It has expanded at various different times. In the 1980s LT commissioned a study from (I think) Oxford University's transport unit to review the night network. Back then it was not leisure focussed and merely a small collection of routes suited to serving Fleet Street, wholesale markets and what was left of the Docks. In 1983 a full set of Sat night services was introduced to reflect leisure travel demands. The network was restructured in 1984 (Buses for Night Owls) with reasonable frequencies - half hourly or hourly. Coverage was much wider than before although the service pattern was quite complex because of getting buses to and from garages or Victoria (for crew breaks).
Patronage increased substantially and development continued through the 1990s under LRT with higher frequencies and moves towards simplification. In the 2000s much more money was injected into the network with the advent of 24 hour routes and a changing structure of routes. This was broadly successful with continued expansion in the suburbs and higher frequencies until 2012 or so. We did lose a few night bus routes in the Ken L era - the N58, N75, N106 and N274 all vanished. I am sure there are others. The irony is that if the first two had survived they would be very popular. The last real gasp of expansion was in 2014 with increased frequencies on routes serving Hoxton and Shoreditch.
Since then the advent of Uber (and similar services) plus the Night Tube has set the night network into reverse. Patronage is falling and savage cuts are now taking place almost weekly to hack back frequencies to save money. The only tiny upside from Night Tube was the introduction of the 222 and 238 as 24 hour services and a smattering of weekend night routes. I do not expect to see any expansion of the night network under the current Mayoralty and probably not under the next one either. The obsession with the Night Tube is extremely damaging to the Night Bus network.
There are two books on the history of London's Night Buses which are an excellent read with many photographs. One little statistic from the book - in 1984 only 78 buses were used on Sat nights, in Aug 2013 there were 892 buses in service on Sat nights.
Thank you Paul. I assume the books you refer to are the ones by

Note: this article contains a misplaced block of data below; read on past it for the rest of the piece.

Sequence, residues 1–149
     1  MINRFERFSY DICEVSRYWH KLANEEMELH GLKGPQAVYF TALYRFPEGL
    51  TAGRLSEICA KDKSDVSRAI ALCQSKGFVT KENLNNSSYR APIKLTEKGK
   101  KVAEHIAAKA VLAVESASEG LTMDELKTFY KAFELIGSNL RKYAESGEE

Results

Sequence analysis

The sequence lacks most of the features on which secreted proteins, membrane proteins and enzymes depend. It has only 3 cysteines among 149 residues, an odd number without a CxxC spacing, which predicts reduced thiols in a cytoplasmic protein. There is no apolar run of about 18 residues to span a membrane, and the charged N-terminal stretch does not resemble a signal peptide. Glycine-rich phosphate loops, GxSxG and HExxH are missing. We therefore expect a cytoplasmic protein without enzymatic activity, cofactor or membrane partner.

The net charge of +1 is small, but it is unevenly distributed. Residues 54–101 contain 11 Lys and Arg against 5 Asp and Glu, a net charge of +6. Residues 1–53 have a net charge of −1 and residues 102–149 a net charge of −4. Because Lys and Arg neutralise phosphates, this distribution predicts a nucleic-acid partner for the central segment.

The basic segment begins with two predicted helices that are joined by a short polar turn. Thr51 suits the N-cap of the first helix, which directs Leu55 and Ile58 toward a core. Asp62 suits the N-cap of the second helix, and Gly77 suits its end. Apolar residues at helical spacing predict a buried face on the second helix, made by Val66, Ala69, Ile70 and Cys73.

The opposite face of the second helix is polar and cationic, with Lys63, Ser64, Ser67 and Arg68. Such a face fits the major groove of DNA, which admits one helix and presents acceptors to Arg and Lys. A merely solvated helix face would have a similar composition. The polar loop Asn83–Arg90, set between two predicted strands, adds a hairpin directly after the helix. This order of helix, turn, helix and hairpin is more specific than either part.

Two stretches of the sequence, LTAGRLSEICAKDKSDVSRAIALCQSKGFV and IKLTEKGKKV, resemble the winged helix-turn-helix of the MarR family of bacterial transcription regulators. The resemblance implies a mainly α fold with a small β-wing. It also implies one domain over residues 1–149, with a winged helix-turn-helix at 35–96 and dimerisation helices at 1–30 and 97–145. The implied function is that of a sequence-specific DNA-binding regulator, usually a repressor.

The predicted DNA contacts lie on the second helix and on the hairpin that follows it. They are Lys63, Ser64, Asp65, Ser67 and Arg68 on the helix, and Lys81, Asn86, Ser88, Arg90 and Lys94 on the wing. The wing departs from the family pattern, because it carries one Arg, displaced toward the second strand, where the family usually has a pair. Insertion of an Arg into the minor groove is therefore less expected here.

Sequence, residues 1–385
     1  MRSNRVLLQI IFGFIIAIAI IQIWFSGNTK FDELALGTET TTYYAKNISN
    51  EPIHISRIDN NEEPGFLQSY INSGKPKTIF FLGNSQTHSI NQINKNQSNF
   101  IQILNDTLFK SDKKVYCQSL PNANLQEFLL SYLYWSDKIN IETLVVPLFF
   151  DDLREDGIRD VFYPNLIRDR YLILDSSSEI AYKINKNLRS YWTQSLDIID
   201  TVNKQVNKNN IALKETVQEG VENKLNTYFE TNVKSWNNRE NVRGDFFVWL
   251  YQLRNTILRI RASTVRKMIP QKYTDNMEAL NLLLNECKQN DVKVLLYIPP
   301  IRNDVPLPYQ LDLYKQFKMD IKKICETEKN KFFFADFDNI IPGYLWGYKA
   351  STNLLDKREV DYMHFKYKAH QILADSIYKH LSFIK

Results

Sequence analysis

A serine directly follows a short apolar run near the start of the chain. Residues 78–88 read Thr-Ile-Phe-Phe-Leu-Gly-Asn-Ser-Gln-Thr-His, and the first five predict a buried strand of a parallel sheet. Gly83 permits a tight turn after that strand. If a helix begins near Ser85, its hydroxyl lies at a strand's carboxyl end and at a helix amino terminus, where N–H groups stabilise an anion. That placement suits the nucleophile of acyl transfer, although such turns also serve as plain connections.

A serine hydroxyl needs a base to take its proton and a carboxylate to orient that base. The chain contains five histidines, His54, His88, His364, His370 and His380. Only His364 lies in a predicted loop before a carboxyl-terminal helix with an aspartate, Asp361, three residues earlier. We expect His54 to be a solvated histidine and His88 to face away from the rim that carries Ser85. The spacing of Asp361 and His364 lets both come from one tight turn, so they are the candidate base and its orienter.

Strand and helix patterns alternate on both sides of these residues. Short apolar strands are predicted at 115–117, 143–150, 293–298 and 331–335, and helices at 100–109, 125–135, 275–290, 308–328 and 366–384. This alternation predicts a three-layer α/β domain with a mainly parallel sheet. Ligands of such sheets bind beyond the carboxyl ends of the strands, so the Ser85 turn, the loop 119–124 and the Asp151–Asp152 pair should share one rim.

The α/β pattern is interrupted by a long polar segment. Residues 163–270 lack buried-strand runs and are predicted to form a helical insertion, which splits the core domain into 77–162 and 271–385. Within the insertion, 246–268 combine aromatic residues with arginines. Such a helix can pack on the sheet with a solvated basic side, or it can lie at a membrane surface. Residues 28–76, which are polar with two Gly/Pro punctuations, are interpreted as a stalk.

Philip Wallis which I've found on Alibris.
Paul Corfield
2017-11-22 21:53:26 UTC
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Post by Graham Harrison
Thank you Paul. I assume the books you refer to are the ones by
Philip Wallis which I've found on Alibris.
Correct - the two volumes by Mr Wallis. Both excellent reads and crammed full with info and photos of a rarely covered topic.
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Paul C
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2017-11-23 01:23:49 UTC
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What are the titles of these books please?
Paul Corfield
2017-11-23 11:31:45 UTC
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What are the titles of these books please?
London's Night Buses Vol 1 - 1913-1983
London's Night Buses Vol 2 - 1984-2013
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Paul C
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2017-11-23 01:22:21 UTC
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Paul, many years ago I was told the story of the night buses, I think it may have been at a LURS meeting, probably in the late '80s. It was much as your version, involving the same three groups of workers, porters, printers and dockers. All three were in decline, at least in their traditional locations, the buses were little used, and consideration was being given to withdrawing them. The major difference in the story I heard was that one route was surprisingly found to be well used, but on investigation it was found to be not the traditional users, but young night clubbers who were using it, and this led to the introduction of new routes serving non-traditional areas. I don't know how much truth there is in this version.

I normally seldom use night buses, but did so frequently for several months during the Summer of 2000.

At that time all routes served Trafalgar Square, where there was a travel information point, I think it was in a vehicle parked in the square. Some of the routes vere heavily used; I think the N8 was one which was, and the N25.

Much has changed, not all routes now serve the square, and there are now less N-prefixed routes, and more 24 hour ones. It was a very good network when I used it, and it would be a pity if that is changing.
Jarle Hammen Knudsen
2017-11-23 13:30:28 UTC
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On Wed, 22 Nov 2017 09:52:18 -0800 (PST), Paul Corfield
Post by Paul Corfield
Post by Graham Harrison
When did the night network start expanding or has it been constant
since I was at school?
It has expanded at various different times. In the 1980s LT commissioned a study from (I think) Oxford University's transport unit to review the night network. Back then it was not leisure focussed and merely a small collection of routes suited to serving Fleet Street, wholesale markets and what was left of the Docks. In 1983 a full set of Sat night services was introduced to reflect leisure travel demands. The network was restructured in 1984 (Buses for Night Owls) with reasonable frequencies - half hourly or hourly. Coverage was much wider than before although the service pattern was quite complex because of getting buses to and from garages or Victoria (for crew breaks).